"short-circuiting the loneliness"
Started reading the Summer 2006 issue of The Missouri Review last night (by the way, they’ve redesigned their web site–looks great, much friendlier UI). I skipped ahead to the interview with Sven Birkerts and, as usual when I read what he writes/thinks, I was not disappointed.
When discussing his experience with depression, Birkerts said something that felt at home for me:
But what I found, very early on, was that I did not feel quite so bad, so strange, if I was reading a book, or if I was writing something on paper. Something about the act, the apparent dissociation, was in fact a mode of connection, short-circuiting the loneliness.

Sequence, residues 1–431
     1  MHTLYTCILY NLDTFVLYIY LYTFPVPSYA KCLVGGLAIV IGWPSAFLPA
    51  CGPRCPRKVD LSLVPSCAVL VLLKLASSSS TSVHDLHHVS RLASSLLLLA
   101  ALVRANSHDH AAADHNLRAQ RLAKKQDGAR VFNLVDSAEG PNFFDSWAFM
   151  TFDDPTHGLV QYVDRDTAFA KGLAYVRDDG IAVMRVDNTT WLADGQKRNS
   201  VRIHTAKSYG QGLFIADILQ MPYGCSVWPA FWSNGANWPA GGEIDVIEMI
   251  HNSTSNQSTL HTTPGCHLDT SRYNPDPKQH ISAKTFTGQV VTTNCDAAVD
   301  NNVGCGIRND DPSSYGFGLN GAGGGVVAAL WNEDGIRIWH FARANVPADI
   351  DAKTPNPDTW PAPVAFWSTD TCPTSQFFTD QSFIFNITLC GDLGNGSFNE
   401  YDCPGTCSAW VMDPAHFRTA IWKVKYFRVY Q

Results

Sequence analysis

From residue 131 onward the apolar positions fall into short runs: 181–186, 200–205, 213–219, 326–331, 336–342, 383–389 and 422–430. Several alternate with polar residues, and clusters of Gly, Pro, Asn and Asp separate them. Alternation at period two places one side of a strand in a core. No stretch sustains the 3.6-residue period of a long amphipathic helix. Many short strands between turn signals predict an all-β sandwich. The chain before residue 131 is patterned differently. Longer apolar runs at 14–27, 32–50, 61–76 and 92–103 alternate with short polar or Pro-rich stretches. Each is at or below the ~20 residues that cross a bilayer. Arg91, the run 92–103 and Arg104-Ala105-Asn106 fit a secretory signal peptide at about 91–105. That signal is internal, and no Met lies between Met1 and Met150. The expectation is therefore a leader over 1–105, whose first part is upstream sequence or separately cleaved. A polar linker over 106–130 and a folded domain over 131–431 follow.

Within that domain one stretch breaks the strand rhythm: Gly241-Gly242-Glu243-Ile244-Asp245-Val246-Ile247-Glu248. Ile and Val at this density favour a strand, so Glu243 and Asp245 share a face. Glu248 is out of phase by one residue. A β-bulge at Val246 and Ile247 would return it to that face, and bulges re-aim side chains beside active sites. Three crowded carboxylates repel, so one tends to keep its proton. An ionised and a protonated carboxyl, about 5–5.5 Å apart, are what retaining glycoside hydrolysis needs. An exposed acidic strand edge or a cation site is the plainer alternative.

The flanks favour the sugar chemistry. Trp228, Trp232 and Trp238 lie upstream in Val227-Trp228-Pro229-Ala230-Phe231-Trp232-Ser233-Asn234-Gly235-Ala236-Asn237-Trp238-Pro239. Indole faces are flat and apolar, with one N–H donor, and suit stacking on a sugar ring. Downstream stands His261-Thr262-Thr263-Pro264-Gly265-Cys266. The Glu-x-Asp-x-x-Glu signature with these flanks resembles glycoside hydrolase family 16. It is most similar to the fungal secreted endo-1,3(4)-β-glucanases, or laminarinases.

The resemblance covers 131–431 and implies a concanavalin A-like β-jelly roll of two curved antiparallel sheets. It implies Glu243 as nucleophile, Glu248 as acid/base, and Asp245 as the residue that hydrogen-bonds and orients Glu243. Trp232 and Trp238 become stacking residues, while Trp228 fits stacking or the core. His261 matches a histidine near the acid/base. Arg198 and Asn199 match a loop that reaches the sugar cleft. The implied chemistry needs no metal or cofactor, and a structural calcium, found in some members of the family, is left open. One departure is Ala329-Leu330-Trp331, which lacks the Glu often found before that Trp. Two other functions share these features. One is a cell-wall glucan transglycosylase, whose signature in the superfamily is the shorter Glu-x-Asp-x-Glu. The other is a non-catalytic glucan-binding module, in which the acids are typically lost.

And on the current state of literature and whether it’s worth it for writers to keep writing:
Of course it is, but only for all the right old reasons, because writing makes sense of the world, it intensifies the inner life, it matters (though to fewer and fewer) and it stands a chance, still, of influencing the world, however minimally.
It’s a lovely, thoughtful interview. I urge you to get a copy of the journal and read it for yourselves.